Cleaners work on a waterway that leads to Dianchi Lake in Kunming, Yunnan province, last year. (Photo/Xinhua)
KUNMING－Though Liu Fanjun's memory sometimes fails him these days, the 73-year-old can still recite a nursery rhyme about a lake in his hometown in Yunnan province.
"Dianchi Lake stretches far into the sky with clear water sparkling in a boundless width. Row your boat, dance with fish and happily return home after sunset," Liu hummed.
Located in Kunming, Yunnan's capital, Dianchi Lake is the largest freshwater lake on the Yunnan-Guizhou Plateau, covering more than 300 square kilometers.
Known as the "sparkling pearl" of the highlands, the lake is the major source of water for industrial and agricultural use in Kunming and also plays a key role in balancing the city's environment.
"Fishermen walked home along the tranquil lake before sunset. Children swam in the lake on hot summer days. These are my memories," Liu said.
The picturesque scenes changed in the late 1980s when the lake became murky because of the industrial and domestic waste discharged into it. The lake surface was covered with a layer of bluegreen algae caused by an influx of wastewater loaded with nitrogen, phosphorus and other harmful substances.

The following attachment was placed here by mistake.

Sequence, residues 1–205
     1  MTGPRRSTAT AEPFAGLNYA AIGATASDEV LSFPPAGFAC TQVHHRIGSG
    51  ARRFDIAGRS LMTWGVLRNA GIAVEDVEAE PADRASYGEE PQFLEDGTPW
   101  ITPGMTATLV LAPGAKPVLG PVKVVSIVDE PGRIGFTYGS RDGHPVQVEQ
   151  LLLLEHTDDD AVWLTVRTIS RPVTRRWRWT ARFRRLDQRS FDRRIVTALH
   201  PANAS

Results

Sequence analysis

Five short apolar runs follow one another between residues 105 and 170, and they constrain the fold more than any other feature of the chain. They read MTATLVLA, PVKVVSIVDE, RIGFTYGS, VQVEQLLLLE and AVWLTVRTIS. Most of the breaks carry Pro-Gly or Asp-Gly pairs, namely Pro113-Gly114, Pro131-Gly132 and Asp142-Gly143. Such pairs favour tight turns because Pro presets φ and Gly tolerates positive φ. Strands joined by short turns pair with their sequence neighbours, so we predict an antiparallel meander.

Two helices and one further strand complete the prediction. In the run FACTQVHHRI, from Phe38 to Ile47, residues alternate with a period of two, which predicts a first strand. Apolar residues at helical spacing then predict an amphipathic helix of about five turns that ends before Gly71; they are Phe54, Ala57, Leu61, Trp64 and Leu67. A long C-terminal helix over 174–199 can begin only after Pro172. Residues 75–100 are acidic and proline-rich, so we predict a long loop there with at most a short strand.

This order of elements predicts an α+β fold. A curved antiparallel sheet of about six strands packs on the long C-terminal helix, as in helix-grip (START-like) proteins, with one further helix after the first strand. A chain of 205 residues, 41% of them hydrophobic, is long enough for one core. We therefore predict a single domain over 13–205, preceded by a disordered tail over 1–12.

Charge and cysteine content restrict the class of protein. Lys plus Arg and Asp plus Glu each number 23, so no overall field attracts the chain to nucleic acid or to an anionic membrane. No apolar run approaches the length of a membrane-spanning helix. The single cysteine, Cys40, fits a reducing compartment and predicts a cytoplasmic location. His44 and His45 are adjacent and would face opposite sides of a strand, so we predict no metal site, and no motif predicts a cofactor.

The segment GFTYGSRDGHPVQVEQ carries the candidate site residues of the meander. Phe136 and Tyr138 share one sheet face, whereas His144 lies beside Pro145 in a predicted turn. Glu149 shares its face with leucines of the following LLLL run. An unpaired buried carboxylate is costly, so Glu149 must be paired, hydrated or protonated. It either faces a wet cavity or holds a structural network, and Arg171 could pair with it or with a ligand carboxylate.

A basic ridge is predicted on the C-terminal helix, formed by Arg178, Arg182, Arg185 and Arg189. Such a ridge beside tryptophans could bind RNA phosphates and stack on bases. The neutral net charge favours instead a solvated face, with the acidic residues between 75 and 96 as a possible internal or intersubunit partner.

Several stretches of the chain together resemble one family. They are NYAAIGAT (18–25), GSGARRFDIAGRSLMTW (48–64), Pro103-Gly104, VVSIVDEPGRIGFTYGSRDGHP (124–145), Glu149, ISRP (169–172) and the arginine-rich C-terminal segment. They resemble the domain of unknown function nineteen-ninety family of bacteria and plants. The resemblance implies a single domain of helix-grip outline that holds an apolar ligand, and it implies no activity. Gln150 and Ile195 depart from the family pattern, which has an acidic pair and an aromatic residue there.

"Untreated industrial waste and agricultural fertilizer was dumped straight into the lake," said Liu. "White foam, along with rotten fish and shrimp, piled up along the shore."
In the 1990s, the water quality in the lake was deemed "inferior to Grade V", the worst level in China's water quality grading system and "too polluted for any purpose". About 80 percent of local fish species in the lake disappeared.
To protect the lake, the central government and Yunnan provincial authorities implemented a series of measures to restore its lost splendor after decades of severe pollution.
Kunming has built nearly 100 kilometers of pollution interception pipes along the shores of the lake to prevent wastewater from entering.
As much as 566 million cubic meters of water have been diverted into the lake every year since 2013 to restore its self-purifying capabilities. Wastewater treatment plants have been built in 20 towns and 885 villages in the vicinity.
In 2008, Yunnan began to appoint "river chiefs" with responsibilities including water protection, pollution prevention, waste control and ecological restoration.
Fishing was also prohibited throughout 2010 and 2011, according to Wu Chaoyang, deputy director of the Dianchi Lake administration bureau.
Earlier efforts have begun to pay off. Water quality in the lake rose to Grade IV in the first quarter of this year.
In March, garganey, an endangered duck species, reappeared in the wetlands around the lake for the first time in 30 years.
"Although the deterioration of water quality has been halted, it is far from satisfactory," Wu said. "We still have a long way to go to protect our mother lake."
Over the next two years, Yunnan plans to spend another 7.6 billion yuan ($1.2 billion) on 64 pollution control projects in a bid to make the lake swimmable again by 2020.
"Dianchi Lake stretches far into the sky with clear water sparkling in a boundless width. I hope more people will see a crystal clear Dianchi, as it used to be," Liu said.